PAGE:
Large translation companies not only have more trouble keeping track of client preferences, they also outsource their translations to companies that then outsource them in turn, until it is impossible to track consistency or assign responsibility for translation errors. This also means it is harder to have a designated linguist who is very familiar with your texts and can work more quickly and more efficiently. This is one reason why your ideal translation provider is a small-to-medium sized company.
A translation company that uses technology—but only where appropriate.
A modern translation company is not afraid of technology: translation management systems keep us organized, and CAT (computer-assisted translation) tools make our work more efficient and more consistent. In a few cases, translators can also work with machine translations to post-edit a text until it reaches the quality standards of the client. However, you definitely want to make sure that the client is not relying on machine translation to deliver your translation product.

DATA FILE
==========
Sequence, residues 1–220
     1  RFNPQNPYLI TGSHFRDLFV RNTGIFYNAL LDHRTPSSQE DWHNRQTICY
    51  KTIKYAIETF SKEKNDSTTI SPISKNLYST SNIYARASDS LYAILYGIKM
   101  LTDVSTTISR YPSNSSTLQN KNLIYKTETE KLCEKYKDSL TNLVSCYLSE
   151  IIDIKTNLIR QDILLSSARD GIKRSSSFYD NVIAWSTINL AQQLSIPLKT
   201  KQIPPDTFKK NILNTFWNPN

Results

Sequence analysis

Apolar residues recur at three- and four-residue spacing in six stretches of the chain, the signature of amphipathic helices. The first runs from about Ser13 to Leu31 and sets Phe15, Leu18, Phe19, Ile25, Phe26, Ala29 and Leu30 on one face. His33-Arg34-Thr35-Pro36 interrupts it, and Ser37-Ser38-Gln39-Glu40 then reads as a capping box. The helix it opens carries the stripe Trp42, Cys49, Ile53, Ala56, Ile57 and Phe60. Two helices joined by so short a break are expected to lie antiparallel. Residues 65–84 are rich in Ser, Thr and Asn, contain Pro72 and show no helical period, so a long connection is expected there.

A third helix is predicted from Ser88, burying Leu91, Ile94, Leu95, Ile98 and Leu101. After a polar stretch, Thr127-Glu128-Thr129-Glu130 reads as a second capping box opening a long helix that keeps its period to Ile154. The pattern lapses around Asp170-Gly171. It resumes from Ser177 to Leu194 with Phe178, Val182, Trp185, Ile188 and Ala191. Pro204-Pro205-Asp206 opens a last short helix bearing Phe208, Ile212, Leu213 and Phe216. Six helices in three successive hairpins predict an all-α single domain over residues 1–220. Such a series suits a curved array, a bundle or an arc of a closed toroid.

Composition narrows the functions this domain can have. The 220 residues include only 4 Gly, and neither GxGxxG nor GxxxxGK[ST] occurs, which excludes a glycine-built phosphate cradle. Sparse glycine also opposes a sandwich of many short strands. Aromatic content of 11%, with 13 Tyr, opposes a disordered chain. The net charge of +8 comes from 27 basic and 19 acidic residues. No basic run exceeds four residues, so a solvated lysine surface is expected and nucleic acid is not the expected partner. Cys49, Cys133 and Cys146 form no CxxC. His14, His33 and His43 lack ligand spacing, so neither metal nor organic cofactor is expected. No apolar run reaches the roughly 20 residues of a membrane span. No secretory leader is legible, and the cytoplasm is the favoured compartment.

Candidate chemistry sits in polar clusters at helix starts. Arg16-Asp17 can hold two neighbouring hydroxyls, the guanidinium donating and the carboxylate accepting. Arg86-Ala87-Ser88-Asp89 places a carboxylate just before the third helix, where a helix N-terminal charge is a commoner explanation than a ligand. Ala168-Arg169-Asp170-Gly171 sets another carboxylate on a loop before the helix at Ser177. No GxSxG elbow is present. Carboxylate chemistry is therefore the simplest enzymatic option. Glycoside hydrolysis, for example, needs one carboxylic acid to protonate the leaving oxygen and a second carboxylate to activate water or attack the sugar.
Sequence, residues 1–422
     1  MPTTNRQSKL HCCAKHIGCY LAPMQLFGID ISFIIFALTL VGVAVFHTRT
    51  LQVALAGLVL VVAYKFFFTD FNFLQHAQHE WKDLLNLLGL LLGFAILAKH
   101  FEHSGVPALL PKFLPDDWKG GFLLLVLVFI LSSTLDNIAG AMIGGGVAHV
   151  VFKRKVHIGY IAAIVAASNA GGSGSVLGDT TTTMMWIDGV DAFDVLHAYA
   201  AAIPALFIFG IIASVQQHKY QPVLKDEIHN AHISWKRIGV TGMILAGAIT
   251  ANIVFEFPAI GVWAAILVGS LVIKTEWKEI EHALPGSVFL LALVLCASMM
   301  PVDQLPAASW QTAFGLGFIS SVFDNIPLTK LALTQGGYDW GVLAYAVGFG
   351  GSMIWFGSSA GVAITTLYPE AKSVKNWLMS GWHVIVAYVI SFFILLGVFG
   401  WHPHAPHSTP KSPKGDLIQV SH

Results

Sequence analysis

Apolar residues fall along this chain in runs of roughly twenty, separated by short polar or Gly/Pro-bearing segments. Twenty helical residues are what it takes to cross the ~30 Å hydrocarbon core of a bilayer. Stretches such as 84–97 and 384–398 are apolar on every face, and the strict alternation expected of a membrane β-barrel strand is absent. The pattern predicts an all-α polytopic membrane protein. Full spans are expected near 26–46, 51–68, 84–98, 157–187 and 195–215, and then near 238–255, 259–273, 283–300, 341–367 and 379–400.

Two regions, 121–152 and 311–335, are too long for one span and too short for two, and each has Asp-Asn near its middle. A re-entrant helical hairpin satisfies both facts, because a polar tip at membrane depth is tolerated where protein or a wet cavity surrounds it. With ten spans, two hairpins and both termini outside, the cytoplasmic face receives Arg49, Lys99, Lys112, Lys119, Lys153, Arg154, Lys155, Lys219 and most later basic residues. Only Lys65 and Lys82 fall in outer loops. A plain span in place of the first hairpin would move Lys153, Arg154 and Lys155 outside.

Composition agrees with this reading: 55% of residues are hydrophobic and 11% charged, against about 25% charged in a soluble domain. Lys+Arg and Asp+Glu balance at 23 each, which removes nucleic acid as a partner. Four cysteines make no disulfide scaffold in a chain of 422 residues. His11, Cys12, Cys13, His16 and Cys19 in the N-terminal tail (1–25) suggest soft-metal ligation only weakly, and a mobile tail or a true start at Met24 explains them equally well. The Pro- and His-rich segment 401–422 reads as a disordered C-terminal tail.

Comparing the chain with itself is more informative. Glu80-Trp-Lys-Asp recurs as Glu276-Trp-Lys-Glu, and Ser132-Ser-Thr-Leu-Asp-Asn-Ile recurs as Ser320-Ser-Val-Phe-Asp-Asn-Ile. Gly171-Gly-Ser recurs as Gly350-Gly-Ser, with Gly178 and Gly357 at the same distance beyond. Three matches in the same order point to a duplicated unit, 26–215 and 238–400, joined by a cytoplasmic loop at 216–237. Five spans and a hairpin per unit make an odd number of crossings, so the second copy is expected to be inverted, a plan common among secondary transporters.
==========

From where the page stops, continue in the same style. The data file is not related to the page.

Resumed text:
Make sure the company uses more than one linguist.
Even the most careful and most elite linguist will make typos and mistakes—it can be very difficult to spot errors of your own making when you’ve stared at the same text for hours. This is why the most reliable translation companies guarantee a minimum of two pairs of eyes on any text—ideally, three: translator, proofreader, and project manager.
Make sure the company is not too big… yet established enough to be able to keep your data secure.
Smaller companies and freelancers have often invested less into their security infrastructure. Before working with a small company, you should always ask about their file-sharing abilities for sensitive documents. Meridian Linguistics can offer a variety of secure file-sharing options beyond our encrypted e-mail.